A bamboo ladder would be a challenge to carry by oneself, but a passenger helps to balance the load

A bamboo ladder would be a challenge to carry by oneself, but a passenger helps to balance the load

Posted by Chris Parsons 13:03 Archived in Vietnam Tagged people food markets bikes vietnam hanoi photography Comments (3)

How not to haggle


View Kathmandu to Kuala Lumpur 2011 on Chris Parsons's travel map.

We British are notoriously reticent when it comes to haggling, but in Southeast Asia's tourist markets it’s a skill you live and die by. And judging by my first clumsy attempt at Siem Reap's Night Market, my skills definitely needed honing.

Getting in to the Night Market is all part of the fun, as you have to run the gauntlet of fish massage stalls which line the street leading to the entrance. Ladies rush at you from both sides waving laminated price lists and shouting "Sir, sir, fish massaaaaa!" The first time this happened I was far too polite. "No thanks," I said to one hopeful woman, "I can get this in England." Her reply was instant. "My fish give better massaaaaa!"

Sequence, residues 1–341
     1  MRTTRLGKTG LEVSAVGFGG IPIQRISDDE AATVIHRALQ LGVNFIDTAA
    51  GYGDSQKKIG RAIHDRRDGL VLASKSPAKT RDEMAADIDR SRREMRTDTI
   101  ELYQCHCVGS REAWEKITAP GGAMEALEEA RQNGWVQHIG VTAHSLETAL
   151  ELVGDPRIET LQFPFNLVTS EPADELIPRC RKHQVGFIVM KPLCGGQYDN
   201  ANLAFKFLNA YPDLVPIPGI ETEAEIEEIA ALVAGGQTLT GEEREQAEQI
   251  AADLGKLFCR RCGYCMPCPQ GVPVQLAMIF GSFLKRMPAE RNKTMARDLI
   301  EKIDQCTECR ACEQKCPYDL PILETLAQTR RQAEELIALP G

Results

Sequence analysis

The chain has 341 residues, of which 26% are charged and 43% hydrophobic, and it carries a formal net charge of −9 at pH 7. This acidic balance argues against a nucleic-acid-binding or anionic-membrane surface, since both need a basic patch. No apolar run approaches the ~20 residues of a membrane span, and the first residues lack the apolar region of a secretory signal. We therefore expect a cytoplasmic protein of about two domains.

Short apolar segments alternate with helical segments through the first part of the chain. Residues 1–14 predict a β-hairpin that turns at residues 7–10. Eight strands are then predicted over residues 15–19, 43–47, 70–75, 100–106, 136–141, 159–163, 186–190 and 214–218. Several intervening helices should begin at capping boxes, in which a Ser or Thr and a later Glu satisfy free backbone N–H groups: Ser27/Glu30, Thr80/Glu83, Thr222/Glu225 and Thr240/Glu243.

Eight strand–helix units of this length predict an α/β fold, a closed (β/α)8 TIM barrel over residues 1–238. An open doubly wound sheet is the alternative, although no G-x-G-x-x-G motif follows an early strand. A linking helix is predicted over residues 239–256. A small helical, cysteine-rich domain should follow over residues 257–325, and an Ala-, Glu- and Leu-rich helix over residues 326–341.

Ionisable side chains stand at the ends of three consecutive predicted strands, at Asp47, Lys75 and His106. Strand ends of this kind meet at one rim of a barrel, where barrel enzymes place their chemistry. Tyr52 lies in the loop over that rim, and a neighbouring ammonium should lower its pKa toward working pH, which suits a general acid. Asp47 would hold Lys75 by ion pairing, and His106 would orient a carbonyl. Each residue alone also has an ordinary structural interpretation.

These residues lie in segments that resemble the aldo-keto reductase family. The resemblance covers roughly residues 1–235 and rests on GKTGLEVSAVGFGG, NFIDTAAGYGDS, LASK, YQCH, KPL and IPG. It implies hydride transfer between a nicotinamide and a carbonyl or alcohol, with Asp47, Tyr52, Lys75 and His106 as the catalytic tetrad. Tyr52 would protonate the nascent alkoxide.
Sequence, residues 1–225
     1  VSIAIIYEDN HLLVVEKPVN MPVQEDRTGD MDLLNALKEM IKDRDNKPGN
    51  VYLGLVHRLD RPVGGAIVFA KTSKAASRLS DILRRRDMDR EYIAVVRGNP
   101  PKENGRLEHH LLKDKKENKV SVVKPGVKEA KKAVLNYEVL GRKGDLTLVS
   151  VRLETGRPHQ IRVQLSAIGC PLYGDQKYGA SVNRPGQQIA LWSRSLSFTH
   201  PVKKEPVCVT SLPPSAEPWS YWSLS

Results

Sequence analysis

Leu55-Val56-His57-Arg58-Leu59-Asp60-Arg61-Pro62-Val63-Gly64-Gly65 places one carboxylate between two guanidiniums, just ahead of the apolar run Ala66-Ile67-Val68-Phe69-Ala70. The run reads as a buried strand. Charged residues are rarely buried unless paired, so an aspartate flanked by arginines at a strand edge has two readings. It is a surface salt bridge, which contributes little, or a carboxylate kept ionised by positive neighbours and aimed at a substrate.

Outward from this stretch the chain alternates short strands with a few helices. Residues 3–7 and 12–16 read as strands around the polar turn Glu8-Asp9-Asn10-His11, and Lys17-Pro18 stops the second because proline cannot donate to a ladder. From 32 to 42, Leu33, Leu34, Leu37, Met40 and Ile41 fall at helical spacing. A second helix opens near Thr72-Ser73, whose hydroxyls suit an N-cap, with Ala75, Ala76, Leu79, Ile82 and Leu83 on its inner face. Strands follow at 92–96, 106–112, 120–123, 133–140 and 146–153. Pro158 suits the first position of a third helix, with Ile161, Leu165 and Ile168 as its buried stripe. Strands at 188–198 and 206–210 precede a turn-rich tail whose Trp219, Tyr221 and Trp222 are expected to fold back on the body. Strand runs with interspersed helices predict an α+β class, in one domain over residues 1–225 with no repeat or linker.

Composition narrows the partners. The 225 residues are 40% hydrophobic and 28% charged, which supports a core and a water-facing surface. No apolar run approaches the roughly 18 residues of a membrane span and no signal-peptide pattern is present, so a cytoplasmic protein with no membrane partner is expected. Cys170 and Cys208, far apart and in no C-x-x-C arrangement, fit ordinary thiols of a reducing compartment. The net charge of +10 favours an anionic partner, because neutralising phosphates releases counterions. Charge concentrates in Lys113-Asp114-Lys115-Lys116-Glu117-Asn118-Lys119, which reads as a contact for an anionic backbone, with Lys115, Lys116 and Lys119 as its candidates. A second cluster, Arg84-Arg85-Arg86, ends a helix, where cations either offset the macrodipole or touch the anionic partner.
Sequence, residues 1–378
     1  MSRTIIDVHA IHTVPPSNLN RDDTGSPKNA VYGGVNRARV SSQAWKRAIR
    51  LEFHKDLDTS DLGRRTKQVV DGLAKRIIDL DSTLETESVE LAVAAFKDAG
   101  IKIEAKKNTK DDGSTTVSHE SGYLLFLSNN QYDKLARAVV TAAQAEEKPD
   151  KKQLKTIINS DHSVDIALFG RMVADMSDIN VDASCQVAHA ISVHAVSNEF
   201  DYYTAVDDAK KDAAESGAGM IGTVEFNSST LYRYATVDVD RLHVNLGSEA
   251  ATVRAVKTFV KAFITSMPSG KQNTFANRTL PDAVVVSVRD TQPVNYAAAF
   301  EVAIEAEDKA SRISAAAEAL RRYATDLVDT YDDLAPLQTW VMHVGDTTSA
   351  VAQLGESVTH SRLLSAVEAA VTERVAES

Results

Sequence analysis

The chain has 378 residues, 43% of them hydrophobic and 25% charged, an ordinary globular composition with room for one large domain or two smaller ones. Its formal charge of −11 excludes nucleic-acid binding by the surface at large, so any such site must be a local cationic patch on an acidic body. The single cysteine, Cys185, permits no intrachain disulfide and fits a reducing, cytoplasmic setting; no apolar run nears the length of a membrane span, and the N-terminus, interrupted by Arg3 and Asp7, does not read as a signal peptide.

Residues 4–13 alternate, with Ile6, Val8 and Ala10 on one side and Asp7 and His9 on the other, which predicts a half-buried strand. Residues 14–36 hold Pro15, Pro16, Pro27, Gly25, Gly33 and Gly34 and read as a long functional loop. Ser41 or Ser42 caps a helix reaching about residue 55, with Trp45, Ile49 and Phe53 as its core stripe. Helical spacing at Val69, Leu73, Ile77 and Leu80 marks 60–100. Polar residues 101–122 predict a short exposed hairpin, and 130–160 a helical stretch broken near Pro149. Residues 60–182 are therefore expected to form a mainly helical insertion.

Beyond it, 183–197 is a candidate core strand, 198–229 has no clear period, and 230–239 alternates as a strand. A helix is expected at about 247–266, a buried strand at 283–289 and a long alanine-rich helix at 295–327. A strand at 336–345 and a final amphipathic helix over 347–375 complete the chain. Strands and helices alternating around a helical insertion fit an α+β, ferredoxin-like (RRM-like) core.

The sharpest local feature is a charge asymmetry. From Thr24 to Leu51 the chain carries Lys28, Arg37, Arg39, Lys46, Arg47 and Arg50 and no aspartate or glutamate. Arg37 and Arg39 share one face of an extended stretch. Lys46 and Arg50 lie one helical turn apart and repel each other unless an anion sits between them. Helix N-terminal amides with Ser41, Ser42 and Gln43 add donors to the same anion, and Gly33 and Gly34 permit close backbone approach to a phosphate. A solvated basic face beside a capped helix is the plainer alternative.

Once inside you immediately lose your bearings in the labyrinth of covered alleys and hundreds of stalls all selling variations on the same theme. Most of the stuff was not worth a second glance, but then I spotted a stall selling t-shirts of a single design; a motif of the monkey god Hanuman in full battle dress. I can't explain why I liked it, but as soon as I saw it I knew I had to have one. I enquired about the price. "Five dollar," said the lady running the stall (US currency is king in Cambodia). Yes, it was cheap, but other stalls were asking US$2 (for admittedly inferior t-shirts) and knowing I should haggle, I offered her three. "No!" came the quick reply. "I give you four dollar, best price." Not satisfied with a 20% discount, I walked away, expecting her to call me back and agree to my offer. But she didn't. I couldn't look over my shoulder as that would betray my tactics, so I walked straight back out of the market - a humiliating failure by anyone's standards.